MEPs agree position on Soil Monitoring Law

EU proposes Soil Monitoring Law

By Jenny Brunton, Senior European Policy Advisor

On 10 April 2024, MEPs approved their final report on the first EU legislation to give soil a protection status similar to that of air and water. The soil monitoring directive, proposed by the Commission in July 2023, creates a mechanism to allow member states to monitor and report progress toward restoring EU soils by 2050.

MEPs backed the overall aim of having healthy soils by 2050, in line with the zero pollution ambition, & agree on the need for a harmonised definition of soil health & a “comprehensive & coherent monitoring framework to foster sustainable soil management & remediate contaminated sites.” Under the new law, Member States will have to monitor & assess the health of their soils, while they will decide on the best words to describe each type of soil at national level.

The new Soil Monitoring Law provides a legal framework to help achieve healthy soils by 2050. It will do so by

  • putting in place a solid and coherent monitoring framework for all soils across the EU so Member States can take measures to regenerate degraded soils
  • making sustainable soil management the norm in the EU. Member States will have to define which practices should be implemented by soil managers and which should be banned because they cause soil degradation
  • requesting Member States to identify potentially contaminated sites, investigate these sites and address unacceptable risks for human health and the environment, thereby contributing to a toxic-free environment by 2050.

The long-term objective of the Directive is to achieve healthy soils by 2050. In light of the limited knowledge about the condition of soils and about the effectiveness and costs of the measures to regenerate their health, the directive takes a staged approach.

In a second stage, and once the results of the first assessment of soils and trends analysis are available, the Commission will take stock of the progress towards the 2050 objective and the experience thereof, and will propose a review of the directive if necessary to accelerate progress towards 2050.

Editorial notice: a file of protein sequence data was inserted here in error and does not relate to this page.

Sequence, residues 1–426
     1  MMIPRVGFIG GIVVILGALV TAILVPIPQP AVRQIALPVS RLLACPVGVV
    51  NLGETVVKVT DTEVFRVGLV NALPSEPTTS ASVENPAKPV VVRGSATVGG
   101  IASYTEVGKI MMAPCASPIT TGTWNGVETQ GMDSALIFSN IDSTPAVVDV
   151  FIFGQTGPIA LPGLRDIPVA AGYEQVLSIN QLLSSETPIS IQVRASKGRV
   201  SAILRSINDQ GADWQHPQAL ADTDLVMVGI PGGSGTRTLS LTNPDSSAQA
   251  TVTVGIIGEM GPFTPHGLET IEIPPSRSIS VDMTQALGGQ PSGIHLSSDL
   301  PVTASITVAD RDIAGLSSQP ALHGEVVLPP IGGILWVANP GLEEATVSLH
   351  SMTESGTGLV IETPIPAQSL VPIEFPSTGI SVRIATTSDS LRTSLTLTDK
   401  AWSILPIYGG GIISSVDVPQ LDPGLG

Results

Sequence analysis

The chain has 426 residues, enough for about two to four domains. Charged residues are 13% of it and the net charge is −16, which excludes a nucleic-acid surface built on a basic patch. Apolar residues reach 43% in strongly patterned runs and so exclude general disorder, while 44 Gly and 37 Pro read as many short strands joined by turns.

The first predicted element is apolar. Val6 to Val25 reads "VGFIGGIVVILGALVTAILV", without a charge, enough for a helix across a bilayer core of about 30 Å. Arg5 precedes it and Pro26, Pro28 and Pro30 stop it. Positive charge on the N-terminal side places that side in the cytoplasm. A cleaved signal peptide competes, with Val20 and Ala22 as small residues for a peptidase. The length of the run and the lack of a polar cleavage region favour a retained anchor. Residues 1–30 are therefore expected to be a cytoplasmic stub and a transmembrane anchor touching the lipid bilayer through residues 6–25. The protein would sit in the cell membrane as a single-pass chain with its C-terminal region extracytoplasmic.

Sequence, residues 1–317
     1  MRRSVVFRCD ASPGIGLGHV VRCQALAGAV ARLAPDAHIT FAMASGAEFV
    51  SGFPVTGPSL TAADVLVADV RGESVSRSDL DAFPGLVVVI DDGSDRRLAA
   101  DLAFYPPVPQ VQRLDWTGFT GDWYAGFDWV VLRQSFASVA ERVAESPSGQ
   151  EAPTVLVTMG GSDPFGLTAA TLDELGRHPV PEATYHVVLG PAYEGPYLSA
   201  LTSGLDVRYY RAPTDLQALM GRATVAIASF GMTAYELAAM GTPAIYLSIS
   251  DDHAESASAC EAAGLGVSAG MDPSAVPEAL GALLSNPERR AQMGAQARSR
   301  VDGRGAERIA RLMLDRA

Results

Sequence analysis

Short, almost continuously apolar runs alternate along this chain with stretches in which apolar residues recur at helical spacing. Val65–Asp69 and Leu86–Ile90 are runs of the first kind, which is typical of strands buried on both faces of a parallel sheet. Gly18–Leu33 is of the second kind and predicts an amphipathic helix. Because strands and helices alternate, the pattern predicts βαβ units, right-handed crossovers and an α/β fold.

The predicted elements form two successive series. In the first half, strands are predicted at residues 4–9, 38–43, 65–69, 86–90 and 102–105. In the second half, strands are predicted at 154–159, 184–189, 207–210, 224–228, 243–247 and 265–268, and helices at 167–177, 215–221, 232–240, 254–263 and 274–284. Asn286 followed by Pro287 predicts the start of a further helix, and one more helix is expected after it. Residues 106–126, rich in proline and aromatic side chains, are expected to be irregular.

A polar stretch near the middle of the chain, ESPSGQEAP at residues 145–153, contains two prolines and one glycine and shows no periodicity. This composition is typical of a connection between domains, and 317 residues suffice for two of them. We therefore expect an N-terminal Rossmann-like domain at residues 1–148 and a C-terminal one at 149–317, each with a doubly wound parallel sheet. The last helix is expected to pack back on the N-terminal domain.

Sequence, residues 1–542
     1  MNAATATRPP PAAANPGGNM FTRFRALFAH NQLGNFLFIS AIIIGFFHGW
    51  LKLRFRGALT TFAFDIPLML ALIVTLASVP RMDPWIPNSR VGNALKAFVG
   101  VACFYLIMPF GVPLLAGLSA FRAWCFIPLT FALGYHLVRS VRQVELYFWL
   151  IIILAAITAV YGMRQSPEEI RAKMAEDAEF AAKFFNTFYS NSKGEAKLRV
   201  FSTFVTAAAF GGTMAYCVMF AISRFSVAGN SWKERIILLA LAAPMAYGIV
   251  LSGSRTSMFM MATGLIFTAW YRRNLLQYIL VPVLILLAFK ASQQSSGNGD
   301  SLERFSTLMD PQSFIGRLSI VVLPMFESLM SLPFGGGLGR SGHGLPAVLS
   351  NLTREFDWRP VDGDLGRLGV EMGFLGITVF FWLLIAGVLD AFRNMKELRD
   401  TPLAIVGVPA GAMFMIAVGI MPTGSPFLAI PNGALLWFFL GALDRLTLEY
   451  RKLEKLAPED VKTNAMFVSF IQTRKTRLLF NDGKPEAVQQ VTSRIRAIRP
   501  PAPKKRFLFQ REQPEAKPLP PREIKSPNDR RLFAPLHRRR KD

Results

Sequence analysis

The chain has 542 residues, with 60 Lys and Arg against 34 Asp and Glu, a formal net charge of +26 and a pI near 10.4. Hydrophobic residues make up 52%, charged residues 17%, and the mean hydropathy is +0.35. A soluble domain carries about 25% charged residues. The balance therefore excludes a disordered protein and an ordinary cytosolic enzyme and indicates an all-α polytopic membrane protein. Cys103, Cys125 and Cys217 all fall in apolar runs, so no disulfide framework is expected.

MEPs have proposed a five-level classification of soil health (high, good, moderate ecological status, degraded, & critically degraded soils). Soils with good or high ecological status would be considered healthy. Member States will have to “investigate, assess & clean up contaminated sites to address unacceptable risks to human health & the environment due to soil contamination,” and “Costs must be paid by polluters in line with the ‘polluter pays’ principle.”

When discussing contaminated soil, it was agreed that a public list defining such sites in all Member States should be issued at the latest four years after entry into force of this Directive while an investigation, an assessment and a cleaning of these sites should be conducted by the Member States.

The plenary vote removed changes to the legislation endorsed by the Environment Committee, notably by deleting a legally binding timeline to improve the state of soils and rejecting references to voluntary targets for soil health restoration. They also removed provisions forcing Member States to apply soil indicators, stating that national authorities “may” apply those that “best illustrate” specific soil characteristics.  Specific provisions were also made to protect land manager’s private data.

CEJA, the European Council of Young Farmers, praised the Parliament’s vote for recognising the threats posed by land take – which refers to converting agricultural or natural land for urban development or infrastructure purposes. However, CEJA fears that some of the legislation’s elements, such as the “tier system approach” for assessing soil health, could burden national authorities and farmers.

Christiane Lambert, President of COPA, praised the Parliament’s position as a “more pragmatic and realistic version” of the text proposed by the European Commission.

Next steps

EU environment ministers are expected to adopt a common position during a Council meeting on 17 June, after the Parliament elections. Interinstitutional negotiations on the file could start after the summer, with a new Parliament.